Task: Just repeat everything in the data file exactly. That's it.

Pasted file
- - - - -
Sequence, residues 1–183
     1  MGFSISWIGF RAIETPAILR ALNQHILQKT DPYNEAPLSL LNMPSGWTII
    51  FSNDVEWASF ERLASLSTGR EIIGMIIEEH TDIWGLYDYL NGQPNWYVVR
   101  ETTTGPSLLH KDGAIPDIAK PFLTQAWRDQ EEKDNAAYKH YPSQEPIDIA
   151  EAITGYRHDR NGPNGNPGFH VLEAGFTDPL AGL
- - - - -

Sequence, residues 1–183
     1  MGFSISWIGF RAIETPAILR ALNQHILQKT DPYNEAPLSL LNMPSGWTII
    51  FSNDVEWASF ERLASLSTGR EIIGMIIEEH TDIWGLYDYL NGQPNWYVVR
   101  ETTTGPSLLH KDGAIPDIAK PFLTQAWRDQ EEKDNAAYKH YPSQEPIDIA
   151  EAITGYRHDR NGPNGNPGFH VLEAGFTDPL AGL